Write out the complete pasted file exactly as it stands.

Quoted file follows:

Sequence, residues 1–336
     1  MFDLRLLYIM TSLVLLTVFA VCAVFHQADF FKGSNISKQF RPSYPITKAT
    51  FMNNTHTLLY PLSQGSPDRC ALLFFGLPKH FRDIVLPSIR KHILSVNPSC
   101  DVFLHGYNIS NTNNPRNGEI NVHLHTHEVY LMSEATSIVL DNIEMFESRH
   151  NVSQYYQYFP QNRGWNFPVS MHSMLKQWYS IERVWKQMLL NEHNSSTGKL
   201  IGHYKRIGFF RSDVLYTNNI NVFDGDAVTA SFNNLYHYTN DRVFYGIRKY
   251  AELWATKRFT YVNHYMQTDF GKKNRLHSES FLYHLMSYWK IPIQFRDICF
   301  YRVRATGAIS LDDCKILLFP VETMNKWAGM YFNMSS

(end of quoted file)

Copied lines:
Sequence, residues 1–336
     1  MFDLRLLYIM TSLVLLTVFA VCAVFHQADF FKGSNISKQF RPSYPITKAT
    51  FMNNTHTLLY PLSQGSPDRC ALLFFGLPKH FRDIVLPSIR KHILSVNPSC
   101  DVFLHGYNIS NTNNPRNGEI NVHLHTHEVY LMSEATSIVL DNIEMFESRH
   151  NVSQYYQYFP QNRGWNFPVS MHSMLKQWYS IERVWKQMLL NEHNSSTGKL
   201  IGHYKRIGFF RSDVLYTNNI NVFDGDAVTA SFNNLYHYTN DRVFYGIRKY
   251  AELWATKRFT YVNHYMQTDF GKKNRLHSES FLYHLMSYWK IPIQFRDICF
   301  YRVRATGAIS LDDCKILLFP VETMNKWAGM YFNMSS